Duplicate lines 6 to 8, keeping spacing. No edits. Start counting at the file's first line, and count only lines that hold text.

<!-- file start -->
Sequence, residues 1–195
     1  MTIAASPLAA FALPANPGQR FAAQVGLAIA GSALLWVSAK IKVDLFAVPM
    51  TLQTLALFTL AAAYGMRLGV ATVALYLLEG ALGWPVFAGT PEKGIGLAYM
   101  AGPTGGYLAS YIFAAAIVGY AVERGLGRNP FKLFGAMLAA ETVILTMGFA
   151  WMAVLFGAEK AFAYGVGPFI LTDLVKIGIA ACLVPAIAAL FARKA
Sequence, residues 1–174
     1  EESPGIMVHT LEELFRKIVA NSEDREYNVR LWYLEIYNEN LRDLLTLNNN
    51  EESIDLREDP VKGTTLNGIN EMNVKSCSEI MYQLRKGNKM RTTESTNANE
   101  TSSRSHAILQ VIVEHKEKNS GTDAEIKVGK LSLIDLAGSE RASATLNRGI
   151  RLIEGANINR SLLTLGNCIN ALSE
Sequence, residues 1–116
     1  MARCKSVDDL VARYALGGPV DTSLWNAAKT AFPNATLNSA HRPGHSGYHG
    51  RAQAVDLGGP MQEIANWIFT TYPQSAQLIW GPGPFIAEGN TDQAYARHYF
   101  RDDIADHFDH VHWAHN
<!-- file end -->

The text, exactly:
Sequence, residues 1–174
     1  EESPGIMVHT LEELFRKIVA NSEDREYNVR LWYLEIYNEN LRDLLTLNNN
    51  EESIDLREDP VKGTTLNGIN EMNVKSCSEI MYQLRKGNKM RTTESTNANE